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When You Were a Tadpole and I Was a Fish:…

When You Were a Tadpole and I Was a Fish: And Other Speculations About…

by Martin Gardner

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I grew up reading Martin Gardner's math books. Loved 'em. So I was excited to give his new collection a shot. And it has a few good essays. I enjoyed learning about "The Wonderful Wizard of Oz" author L. Frank Baum and the poem "Evolution" (from where the title of the book comes). And I'm always game for a good thrashing of Ann Coulter. Sadly, though, the math chapters were way too elementary and have been covered by Gardner himself on many occasions. And the chapters dealing with faith and skepticism are so basic and so much like shooting fish in barrels that I started skipping them altogether. So. I think this book might be wonderful for a high school student, but there's just not really enough there for an adult reader. I still have great respect for Martin Gardner, but either I've outgrown him or this isn't his greatest effort. Possibly a combination. ( )
  chasing | Jan 18, 2016 |
Picked this up because it was recommended in my PBK newsletter, but I should have done more research before I decided to read this one. A collection of short articles by the author, from various magazines and publications (this is not the type of thing I like to read). From the very first, (in debunking Ann Coulter, who I agree is pretty offensive) he reads as anti-conservative but with no real info to support himself, and later, anti-Christian. The other articles just really didn't hold my interest, although the writing style was good and easy to read. ( )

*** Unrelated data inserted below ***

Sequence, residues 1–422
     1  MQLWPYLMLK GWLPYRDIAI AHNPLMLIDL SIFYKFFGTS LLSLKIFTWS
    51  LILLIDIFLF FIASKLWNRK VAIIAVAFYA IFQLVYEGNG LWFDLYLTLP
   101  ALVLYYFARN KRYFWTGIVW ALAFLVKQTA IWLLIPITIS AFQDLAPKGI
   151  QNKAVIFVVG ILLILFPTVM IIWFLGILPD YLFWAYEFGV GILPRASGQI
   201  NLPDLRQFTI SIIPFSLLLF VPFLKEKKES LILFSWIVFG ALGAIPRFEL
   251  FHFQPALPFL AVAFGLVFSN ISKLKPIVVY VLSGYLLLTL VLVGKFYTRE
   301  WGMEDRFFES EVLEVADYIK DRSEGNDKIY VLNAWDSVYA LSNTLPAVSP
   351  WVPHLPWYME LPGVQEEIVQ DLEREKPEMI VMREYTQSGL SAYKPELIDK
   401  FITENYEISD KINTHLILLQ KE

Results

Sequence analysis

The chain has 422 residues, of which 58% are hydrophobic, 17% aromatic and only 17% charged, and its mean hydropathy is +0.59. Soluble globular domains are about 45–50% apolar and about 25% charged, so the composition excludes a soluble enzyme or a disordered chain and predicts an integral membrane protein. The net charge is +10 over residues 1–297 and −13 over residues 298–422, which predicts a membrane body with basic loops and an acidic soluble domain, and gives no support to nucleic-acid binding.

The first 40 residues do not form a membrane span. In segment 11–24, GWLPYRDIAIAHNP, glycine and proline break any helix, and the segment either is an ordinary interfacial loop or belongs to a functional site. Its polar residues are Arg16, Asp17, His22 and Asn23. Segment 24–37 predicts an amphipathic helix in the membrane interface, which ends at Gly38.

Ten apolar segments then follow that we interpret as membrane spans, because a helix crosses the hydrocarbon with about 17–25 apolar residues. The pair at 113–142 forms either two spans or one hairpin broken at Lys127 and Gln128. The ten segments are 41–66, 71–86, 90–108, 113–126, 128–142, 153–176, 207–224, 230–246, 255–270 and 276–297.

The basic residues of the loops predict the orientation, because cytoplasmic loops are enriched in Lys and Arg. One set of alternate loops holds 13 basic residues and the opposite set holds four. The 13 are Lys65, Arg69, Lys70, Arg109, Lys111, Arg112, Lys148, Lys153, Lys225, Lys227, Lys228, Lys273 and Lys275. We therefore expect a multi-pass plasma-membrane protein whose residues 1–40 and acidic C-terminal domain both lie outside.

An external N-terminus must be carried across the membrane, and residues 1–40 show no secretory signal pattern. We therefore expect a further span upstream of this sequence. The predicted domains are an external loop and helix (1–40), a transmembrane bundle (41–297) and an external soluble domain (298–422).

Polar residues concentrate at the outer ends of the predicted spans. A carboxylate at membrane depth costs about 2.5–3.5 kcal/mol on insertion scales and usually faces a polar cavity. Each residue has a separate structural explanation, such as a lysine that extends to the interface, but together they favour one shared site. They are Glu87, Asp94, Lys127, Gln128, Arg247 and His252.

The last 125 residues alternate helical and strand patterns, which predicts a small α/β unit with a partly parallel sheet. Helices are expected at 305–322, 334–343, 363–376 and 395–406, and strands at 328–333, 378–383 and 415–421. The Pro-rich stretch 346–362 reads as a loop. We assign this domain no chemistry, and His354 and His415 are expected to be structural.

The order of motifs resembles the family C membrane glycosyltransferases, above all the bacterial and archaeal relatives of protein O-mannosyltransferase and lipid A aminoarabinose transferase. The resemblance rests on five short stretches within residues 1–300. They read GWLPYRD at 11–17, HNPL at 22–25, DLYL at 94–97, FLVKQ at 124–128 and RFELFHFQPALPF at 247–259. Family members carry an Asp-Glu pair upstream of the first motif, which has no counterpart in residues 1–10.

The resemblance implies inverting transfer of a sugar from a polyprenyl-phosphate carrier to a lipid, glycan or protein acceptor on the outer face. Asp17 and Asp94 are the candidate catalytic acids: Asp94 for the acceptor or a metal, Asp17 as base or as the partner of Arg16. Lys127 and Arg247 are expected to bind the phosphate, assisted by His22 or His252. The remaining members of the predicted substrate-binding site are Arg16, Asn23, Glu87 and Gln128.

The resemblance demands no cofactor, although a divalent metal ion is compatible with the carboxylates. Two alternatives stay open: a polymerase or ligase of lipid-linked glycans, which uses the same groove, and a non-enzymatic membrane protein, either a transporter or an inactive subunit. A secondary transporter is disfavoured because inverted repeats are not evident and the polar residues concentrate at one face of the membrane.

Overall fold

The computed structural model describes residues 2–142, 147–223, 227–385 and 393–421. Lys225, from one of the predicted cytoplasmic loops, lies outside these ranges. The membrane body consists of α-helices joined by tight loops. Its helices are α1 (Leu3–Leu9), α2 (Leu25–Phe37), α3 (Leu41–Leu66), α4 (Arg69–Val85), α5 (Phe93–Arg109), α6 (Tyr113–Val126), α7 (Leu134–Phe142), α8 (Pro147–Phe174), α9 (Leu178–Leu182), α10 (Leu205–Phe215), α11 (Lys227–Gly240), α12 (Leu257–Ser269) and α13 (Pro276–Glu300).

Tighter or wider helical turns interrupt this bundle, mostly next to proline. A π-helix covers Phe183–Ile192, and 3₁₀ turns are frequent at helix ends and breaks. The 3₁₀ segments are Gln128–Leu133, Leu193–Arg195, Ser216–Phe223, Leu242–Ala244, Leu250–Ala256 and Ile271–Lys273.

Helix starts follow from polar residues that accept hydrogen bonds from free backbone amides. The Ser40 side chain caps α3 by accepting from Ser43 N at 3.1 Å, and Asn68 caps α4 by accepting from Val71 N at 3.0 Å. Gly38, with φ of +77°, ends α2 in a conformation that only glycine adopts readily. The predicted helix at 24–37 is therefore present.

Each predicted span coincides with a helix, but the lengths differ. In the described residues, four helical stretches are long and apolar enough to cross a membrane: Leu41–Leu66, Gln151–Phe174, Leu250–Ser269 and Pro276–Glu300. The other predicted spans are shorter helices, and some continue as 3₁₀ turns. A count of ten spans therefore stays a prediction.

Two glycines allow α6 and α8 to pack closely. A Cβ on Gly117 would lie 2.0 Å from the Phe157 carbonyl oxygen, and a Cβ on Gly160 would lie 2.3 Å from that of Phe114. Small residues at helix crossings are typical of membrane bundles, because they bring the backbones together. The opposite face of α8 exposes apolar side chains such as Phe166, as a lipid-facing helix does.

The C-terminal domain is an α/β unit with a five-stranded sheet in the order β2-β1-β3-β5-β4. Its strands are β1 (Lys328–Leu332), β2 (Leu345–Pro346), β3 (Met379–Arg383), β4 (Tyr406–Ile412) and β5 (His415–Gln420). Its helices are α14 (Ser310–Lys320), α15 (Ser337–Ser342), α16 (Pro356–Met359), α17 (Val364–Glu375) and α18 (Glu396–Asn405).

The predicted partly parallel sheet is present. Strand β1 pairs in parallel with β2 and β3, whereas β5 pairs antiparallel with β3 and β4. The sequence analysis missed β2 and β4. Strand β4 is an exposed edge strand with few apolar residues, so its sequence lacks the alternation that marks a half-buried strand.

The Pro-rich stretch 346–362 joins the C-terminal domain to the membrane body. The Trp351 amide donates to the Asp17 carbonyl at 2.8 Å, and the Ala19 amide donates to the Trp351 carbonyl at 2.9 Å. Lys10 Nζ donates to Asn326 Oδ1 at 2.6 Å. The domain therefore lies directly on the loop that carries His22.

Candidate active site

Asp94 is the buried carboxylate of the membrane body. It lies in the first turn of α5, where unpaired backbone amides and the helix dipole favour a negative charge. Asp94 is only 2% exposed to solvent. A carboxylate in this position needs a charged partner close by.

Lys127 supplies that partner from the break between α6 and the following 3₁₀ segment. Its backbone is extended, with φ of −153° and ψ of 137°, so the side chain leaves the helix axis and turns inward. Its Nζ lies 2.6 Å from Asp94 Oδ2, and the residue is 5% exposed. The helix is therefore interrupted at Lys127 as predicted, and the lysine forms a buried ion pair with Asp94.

effulgent7 | Jul 25, 2011 |
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Amazon.com Product Description (ISBN 0809087375, Hardcover)

Best known as the longtime writer of the Mathematical Games column for Scientific American—which introduced generations of readers to the joys of recreational mathematics—Martin Gardner has for decades pursued a parallel career as a devastatingly effective debunker of what he once famously dubbed “fads and fallacies in the name of science.” It is mainly in this latter role that he is onstage in this collection of choice essays.
When You Were a Tadpole and I Was a Fish takes aim at a gallery of amusing targets, ranging from Ann Coulter’s qualifications as an evolutionary biologist to the logical fallacies of precognition and extrasensory perception, from Santa Claus to The Wizard of Oz, from mutilated chessboards to the little-known “one-poem poet” Langdon Smith (the original author of this volume’s title line). The writings assembled here fall naturally into seven broad categories: Science, Bogus Science, Mathematics, Logic, Literature, Religion and Philosophy, and Politics. Under each heading, Gardner displays an awesome level of erudition combined with a wicked sense of humor.

(retrieved from Amazon Thu, 12 Mar 2015 18:09:34 -0400)

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